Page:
State officials know there are answers better than building a new Tecumseh. Tecumseh is home to the last prison Nebraska built in 2001 for $74 million. It has ongoing annual costs of more than $35 million.
Smart prison alternatives are cheaper upfront and over the long term, and they can be nearly as safe. That's why they are favored by conservatives and liberals alike, one area of broad, bipartisan agreement. Imprisoning someone costs taxpayers nearly $30,000 a year. Putting someone on parole costs about $3,500, and putting an offender on probation costs about $500.
But embracing prison alternatives requires political courage in the face of inevitable disappointments when an inmate falls short or absconds. To succeed, prison alternatives require politicians, policy-makers and administrators to let the public know the facts.
Facts like those that show mandatory-minimum sentences are contributing to this latest prison population bump but aren't keeping people behind bars any longer, according to Ashford. (Parolees are at record numbers, but new inmates are wiping out any progress in easing crowding, prison officials say.)
Facts show that 14 percent of the state's prison population is behind bars primarily for drug-related offenses. And another 17 percent are in prison primarily for nonviolent property crimes.
Facts also show that Nebraska's drug court participants go back to prison about half as often as those who do not participate.
And facts show state corrections spending has nearly tripled since 1996, to roughly $180 million a year, and will continue to grow if nothing changes.
Prison alternatives are about saving money by investing instead in the treatment centers, drug courts, problem-solving courts, probation and parole officers needed to hold nonviolent criminals accountable.
That's the population where the state could save millions and, in the process, reroute some offenders into productive, taxpaying lives.
It's about giving people who might succeed a chance to do so with their support networks in tow, about keeping them from becoming hardened criminals who would cost more.
It's about providing judges reasonable flexibility so they can do more at the front end.
Already, the state has begun important work toward trimming prison populations with a juvenile justice overhaul. Ashford says the next focus is the 1,200 offenders in prison under the age of 26.
But before it can send fewer people to prison, Nebraska must, as it is doing for juvenile justice, invest in building up capacity of social workers, mental health providers, substance abuse treatment providers, reporting centers and probation officers.
All of this is cheaper than a new prison, and prisons are meant for the violent, the vile and the unrepentant — not those who still can change their ways.
NSA debate: Will reforms ease public concern or compromise safety?
by Lindsey Boerma
CBS News) Top-secret National Security Agency programs that cull metadata from U.S. citizens to keep tabs on potential terrorist threats in no way violate Americans' privacy, two high-ranking members of the House Intelligence Committee and one former intelligence official agreed Sunday on "Face the Nation." But with details of the programs circulating internationally thanks to Edward Snowden, they all added, reforms may be necessary, if only to placate public perception.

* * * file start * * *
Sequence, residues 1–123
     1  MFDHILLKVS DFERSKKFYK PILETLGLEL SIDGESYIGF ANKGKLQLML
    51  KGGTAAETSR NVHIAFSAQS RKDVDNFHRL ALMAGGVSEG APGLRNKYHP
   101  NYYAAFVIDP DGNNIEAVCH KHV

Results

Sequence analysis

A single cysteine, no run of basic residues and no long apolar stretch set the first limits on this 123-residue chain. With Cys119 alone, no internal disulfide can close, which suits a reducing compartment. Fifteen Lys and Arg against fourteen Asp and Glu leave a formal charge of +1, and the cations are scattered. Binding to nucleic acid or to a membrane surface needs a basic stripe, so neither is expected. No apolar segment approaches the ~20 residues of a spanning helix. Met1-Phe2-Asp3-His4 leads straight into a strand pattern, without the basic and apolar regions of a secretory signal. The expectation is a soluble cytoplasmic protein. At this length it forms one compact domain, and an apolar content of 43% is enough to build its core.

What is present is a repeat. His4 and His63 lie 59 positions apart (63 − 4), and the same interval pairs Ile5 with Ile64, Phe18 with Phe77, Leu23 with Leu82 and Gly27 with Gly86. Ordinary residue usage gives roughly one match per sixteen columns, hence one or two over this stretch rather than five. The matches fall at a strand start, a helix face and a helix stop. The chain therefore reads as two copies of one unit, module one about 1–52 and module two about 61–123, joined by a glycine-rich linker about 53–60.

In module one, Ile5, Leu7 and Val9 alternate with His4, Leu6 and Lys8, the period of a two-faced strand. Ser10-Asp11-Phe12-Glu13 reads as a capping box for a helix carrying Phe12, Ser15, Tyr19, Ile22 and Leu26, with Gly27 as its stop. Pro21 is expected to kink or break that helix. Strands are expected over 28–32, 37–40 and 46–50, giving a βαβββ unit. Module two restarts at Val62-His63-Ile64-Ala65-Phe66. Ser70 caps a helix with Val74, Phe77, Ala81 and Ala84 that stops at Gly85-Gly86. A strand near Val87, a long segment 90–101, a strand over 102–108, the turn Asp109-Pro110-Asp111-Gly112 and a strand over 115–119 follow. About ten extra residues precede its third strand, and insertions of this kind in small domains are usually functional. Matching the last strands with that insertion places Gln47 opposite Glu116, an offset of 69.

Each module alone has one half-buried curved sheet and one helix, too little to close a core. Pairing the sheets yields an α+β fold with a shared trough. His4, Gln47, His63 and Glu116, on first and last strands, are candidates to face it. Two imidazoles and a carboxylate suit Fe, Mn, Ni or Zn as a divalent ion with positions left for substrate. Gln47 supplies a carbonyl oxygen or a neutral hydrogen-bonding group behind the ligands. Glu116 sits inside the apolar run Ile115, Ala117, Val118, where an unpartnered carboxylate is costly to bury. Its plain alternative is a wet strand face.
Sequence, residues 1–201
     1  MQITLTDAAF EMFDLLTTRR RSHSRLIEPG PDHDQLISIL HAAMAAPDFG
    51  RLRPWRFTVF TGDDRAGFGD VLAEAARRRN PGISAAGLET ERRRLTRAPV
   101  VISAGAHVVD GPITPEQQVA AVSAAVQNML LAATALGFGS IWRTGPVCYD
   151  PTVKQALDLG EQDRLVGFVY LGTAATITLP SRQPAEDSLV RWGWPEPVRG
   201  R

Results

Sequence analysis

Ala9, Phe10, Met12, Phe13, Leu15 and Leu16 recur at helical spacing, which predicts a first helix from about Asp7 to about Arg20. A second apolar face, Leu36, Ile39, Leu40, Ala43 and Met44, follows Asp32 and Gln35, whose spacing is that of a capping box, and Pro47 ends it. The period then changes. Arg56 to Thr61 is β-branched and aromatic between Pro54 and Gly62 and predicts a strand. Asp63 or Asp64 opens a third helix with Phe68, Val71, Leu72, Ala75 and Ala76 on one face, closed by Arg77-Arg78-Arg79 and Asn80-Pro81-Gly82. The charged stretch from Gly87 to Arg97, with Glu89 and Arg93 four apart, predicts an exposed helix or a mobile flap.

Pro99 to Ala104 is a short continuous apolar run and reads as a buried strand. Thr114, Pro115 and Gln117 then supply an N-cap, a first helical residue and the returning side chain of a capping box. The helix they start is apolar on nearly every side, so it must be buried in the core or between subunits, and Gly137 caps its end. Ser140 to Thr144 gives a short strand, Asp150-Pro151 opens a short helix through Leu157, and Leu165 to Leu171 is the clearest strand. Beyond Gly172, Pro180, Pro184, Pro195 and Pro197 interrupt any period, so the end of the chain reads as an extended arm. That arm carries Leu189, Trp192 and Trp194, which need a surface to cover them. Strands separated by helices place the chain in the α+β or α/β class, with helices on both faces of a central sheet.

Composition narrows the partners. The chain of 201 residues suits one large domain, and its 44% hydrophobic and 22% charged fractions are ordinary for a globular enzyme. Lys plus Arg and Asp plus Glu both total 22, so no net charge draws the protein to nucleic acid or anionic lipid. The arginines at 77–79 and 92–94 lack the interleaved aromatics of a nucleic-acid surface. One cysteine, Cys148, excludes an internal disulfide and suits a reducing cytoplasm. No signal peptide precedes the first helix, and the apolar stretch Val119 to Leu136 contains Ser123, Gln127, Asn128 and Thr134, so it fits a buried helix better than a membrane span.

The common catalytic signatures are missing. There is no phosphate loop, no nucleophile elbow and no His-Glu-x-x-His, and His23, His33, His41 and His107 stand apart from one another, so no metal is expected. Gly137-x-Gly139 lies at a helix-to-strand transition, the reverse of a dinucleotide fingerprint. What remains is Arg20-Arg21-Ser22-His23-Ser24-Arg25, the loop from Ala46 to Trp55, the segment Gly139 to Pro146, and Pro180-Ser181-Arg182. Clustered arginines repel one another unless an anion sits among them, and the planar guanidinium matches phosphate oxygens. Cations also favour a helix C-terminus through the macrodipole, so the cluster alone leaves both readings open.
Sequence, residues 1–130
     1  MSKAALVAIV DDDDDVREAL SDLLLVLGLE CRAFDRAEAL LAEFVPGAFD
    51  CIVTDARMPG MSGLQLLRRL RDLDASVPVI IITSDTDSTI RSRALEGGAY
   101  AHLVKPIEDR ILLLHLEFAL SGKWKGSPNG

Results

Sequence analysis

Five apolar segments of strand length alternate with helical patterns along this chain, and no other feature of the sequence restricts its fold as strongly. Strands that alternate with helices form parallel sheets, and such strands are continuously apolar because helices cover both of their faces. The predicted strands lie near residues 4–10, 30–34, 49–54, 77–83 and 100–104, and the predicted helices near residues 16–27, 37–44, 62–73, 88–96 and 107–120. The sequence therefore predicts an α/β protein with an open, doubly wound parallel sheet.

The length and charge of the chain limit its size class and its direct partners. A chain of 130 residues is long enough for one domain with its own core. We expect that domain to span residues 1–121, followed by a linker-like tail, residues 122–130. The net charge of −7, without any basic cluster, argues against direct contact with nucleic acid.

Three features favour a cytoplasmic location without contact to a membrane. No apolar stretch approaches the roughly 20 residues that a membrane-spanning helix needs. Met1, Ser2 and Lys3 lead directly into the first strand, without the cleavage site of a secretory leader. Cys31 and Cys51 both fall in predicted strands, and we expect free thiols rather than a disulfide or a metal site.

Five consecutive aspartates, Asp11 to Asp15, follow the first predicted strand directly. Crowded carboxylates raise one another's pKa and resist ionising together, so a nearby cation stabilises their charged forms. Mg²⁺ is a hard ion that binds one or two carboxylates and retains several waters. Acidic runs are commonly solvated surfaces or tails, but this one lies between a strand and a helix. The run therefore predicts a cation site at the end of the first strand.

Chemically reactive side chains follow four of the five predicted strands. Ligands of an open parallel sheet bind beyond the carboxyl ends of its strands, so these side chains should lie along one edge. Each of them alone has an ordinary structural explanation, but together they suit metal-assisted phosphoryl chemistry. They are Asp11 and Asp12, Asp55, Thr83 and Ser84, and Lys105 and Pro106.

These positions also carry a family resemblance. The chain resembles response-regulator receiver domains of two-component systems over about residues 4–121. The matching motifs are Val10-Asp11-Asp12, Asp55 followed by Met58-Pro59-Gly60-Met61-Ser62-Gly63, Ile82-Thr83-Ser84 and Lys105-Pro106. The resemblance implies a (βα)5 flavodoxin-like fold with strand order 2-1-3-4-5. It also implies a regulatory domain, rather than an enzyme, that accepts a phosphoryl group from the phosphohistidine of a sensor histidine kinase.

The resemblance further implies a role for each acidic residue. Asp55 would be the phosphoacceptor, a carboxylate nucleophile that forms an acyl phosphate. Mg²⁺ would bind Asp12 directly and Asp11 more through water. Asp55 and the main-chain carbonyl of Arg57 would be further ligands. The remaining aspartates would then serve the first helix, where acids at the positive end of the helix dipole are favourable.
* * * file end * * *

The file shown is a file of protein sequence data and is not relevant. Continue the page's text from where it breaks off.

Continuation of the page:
President Obama on Friday announced a series of steps to make NSA programs more transparent, explaining not only how the programs operate but also releasing the Justice Department's legal rationale for the programs. The administration also plans to back various reforms to the programs to strengthen oversight.
"Anyone working in the intelligence arena, including the president, understands this program helps protect us," said Rep. Dutch Ruppersberger, D-Md., the top Democrat on the House Intelligence Committee. "It really might have protected us from the 9/11 attack, because we didn't know that one of the terrorists was in San Diego in the United States. And if we would have known, it might have helped."
Still, Ruppersberger said, the fallout from the programs' revelation suggests some soothing of public opinion might be required: "We in politics have to deal with perception, not just reality," he said. "And we need to do better in educating our public so they are not fearful that we, the government, are violating their privacy - that's very important."
But not just members of the public, Ruppersberger went on: He and House Minority Leader Nancy Pelosi, D-Calif., "feel very strongly that we need to educate our members."
Earlier on the program, Gen. Michael Hayden, former CIA and NSA director, seemed to agree, saying that even Mr. Obama "pointed out when he was Sen. Obama, and wasn't quite fully knowledgeable about these programs, he was opposed to them. And only when becoming President Obama and saw what was going on, [he] became a very forceful advocate for them."
The House's arguably harried vote last month to end the NSA's bulk collection of U.S. phone records "looked like mob action," Hayden said of the narrowly failed bill. "People acting out of emotion with a false sense of urgency and with a great deal of misinformation." Responding to some critics in Congress who've said briefings on the NSA programs have been inadequate, Hayden argued: "This is just a complicated subject, alright?"
He said during huddles with then-President Bush about terrorist surveillance programs, he predicted the onslaught of doubts.
"My guidance to my people at Fort Meade was, 'I want to be full Monty here,'" he said. "I don't want anyone to be able to say when this becomes public - and we knew it would be - 'Well, I got some sort of briefing.' I wanted them to know exactly what we were doing and the scale on which we were working. And by the way, every member of Congress was invited to read a letter in '09 and in 2011 that specifically said, 'We are gathering the metadata on all calls in the United States.'"
Going forward will be hard, Hayden continued, because some steps the president could take to make the public more comfortable with NSA activity "will actually make Americans less safe."
"Let me tell you, looking through your windscreen when you lay this on, it just looks [like] more thorough oversight, OK?" he said. "When you're looking in your rearview mirror after the next successful attack, this runs the danger of looking like bureaucratic layering. And, so, you need to be careful about how many processes you put in there."
Rep. Peter King, R-N.Y., another member of the House Intelligence Committee, argued on the show that the president's primary fault has been staying "silent for the past two months."
"He allowed the Edward Snowdens and others in the world to dominate the media, and now we have people thinking the NSA is spying on people, is listening to our phone calls," he said. "The president of the United States as commander-in-chief had the obligation to be aggressively and effectively defending his program, and he really didn't do it."
Lauding NSA employees as "patriots," "what has annoyed me the most over the last several months is people casually using words like 'spying,' 'snooping,'" King said. "There is too much loose talk here ... every time I hear 'snooping,' and 'spying,' it just drives me crazy."